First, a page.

As we proposed phosphorylation of Thr675 by PKC mediates K+ depolarization induced RET surface levels increase, the phosphorylation of Thr675 was then detected under depolarizing conditions. Treatment with 50 mm KCl for 30 min increased RET Thr675 phosphorylation, which could be blocked by pre-treatment with CHE in transfected PC12 cells (Fig. 9C). These results indicated that depolarization could induce Thr675 phosphorylation through PKC. Since phosphorylation of Thr675 could enhance RET surface expression, the next question was whether cell surface RET was preferentially phosphorylated on Thr675. PC12 cells expressing RET-GFP were treated with 10 μm TPA or 50 mm KCl for 30 min, then surface biotinylation was performed and cell surface and cytoplasmic RET proteins were collected respectively according to the experimental procedures. When normalized to the total RET protein amount, the phosphorylation levels of the RET Thr675 site were significantly higher in the cell surface fraction compared with that in cytoplasmic fraction under vehicle, TPA and KCl-treated conditions (Fig. 9D), which suggested that cell surface RET receptors were preferentially phosphorylated on Thr675 compared with cytoplasmic RET receptors. Taken together, our findings suggest that neuronal depolarization could enhance RET surface expression through PKC-mediated phosphorylation of the RET Thr675 residue.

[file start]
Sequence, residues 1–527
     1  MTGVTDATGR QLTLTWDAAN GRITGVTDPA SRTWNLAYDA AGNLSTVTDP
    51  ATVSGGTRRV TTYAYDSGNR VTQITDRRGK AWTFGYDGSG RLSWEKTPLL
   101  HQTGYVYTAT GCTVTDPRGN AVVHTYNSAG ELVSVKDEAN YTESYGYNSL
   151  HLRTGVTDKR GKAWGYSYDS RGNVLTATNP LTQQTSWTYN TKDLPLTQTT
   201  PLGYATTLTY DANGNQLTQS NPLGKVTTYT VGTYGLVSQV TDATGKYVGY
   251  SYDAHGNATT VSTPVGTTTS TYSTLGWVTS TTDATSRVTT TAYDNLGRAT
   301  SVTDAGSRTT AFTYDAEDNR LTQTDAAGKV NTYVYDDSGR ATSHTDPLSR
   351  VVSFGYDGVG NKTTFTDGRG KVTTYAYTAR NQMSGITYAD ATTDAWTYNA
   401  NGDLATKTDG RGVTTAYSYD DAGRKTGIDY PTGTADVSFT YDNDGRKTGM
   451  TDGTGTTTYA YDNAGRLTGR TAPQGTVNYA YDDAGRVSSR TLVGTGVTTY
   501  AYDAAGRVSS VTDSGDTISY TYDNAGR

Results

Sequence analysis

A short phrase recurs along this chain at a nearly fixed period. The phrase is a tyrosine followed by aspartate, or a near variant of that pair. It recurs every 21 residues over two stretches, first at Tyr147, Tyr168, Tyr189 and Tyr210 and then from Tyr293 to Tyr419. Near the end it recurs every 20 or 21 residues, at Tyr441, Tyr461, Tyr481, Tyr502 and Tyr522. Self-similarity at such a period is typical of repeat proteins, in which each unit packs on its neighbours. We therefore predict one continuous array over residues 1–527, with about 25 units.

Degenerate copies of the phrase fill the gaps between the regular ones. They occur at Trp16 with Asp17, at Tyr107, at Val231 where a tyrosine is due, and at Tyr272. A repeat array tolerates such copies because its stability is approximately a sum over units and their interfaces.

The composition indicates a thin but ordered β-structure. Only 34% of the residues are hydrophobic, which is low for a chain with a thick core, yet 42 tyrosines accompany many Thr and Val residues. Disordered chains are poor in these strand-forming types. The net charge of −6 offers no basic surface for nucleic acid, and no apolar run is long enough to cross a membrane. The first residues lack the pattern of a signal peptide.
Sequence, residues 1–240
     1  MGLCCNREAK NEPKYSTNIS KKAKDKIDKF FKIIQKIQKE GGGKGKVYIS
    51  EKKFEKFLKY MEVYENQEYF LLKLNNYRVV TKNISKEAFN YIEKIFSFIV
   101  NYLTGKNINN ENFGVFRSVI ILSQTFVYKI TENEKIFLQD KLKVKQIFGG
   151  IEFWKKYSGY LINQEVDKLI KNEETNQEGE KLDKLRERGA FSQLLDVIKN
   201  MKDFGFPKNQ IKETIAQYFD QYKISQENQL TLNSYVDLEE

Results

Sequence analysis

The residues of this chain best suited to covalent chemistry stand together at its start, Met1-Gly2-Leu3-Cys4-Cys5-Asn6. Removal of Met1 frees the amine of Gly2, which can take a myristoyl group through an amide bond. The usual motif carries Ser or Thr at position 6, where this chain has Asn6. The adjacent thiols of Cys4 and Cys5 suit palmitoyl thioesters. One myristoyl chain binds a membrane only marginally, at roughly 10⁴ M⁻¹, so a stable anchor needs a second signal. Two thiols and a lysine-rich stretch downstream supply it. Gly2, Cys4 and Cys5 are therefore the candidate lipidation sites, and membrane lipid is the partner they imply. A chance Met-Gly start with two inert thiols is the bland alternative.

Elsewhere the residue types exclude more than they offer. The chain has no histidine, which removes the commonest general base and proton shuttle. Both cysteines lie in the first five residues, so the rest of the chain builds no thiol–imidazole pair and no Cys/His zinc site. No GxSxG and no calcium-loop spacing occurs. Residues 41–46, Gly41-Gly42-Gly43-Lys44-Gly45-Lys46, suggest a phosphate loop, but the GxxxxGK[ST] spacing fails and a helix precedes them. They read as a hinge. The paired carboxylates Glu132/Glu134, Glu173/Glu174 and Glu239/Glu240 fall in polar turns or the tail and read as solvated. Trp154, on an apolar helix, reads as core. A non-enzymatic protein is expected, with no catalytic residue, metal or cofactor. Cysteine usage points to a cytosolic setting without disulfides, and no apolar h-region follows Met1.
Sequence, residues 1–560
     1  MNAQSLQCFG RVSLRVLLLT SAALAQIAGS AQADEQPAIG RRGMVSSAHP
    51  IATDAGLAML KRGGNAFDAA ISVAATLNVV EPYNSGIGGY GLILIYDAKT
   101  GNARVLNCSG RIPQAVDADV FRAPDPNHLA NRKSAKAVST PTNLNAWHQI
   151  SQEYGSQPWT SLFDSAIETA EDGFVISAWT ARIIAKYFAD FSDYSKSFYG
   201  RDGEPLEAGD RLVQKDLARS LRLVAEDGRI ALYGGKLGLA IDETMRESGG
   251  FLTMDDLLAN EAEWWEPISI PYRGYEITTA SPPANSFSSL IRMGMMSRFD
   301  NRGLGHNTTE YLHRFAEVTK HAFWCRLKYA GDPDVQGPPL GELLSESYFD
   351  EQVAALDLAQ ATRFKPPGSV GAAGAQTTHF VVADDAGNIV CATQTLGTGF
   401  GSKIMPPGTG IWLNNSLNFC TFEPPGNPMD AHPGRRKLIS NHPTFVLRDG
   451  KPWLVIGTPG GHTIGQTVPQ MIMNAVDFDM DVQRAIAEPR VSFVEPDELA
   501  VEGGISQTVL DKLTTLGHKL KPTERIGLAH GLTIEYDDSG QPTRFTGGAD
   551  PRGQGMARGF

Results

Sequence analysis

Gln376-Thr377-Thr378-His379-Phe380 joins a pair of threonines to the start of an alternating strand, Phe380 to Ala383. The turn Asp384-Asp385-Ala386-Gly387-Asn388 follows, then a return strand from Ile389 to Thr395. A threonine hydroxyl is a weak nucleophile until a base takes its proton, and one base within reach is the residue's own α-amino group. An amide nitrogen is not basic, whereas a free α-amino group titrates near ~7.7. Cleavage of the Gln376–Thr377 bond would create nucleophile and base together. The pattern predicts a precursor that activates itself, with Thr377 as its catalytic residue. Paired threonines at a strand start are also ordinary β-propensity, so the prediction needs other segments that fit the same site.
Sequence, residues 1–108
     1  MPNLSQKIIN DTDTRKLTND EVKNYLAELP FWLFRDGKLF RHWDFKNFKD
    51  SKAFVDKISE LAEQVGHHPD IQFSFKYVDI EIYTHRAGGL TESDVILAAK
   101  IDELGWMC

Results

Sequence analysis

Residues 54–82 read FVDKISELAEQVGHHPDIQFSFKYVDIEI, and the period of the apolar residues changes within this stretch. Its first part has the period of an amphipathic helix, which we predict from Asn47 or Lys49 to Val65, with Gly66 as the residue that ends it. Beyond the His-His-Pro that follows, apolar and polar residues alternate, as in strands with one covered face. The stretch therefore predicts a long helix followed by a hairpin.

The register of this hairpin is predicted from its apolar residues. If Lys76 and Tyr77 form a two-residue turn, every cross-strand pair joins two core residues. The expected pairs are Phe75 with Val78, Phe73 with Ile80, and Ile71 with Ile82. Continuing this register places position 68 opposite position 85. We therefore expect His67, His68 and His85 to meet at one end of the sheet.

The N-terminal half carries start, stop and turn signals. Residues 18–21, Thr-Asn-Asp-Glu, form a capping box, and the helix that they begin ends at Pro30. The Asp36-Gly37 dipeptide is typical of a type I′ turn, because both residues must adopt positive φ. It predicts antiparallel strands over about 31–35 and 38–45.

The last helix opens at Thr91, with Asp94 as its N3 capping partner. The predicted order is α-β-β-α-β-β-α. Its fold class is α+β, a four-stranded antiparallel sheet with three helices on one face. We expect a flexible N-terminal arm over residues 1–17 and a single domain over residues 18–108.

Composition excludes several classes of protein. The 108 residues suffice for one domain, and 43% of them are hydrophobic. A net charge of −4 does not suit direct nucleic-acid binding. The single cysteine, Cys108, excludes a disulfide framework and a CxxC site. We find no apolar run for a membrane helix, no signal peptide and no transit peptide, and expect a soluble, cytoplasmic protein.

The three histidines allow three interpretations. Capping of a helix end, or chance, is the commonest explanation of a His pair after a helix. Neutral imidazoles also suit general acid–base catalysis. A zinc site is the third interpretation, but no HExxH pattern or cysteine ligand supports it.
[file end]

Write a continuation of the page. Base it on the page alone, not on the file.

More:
Thr675 Site in RET Regulates Ligand-induced Signaling and Cell Differentiation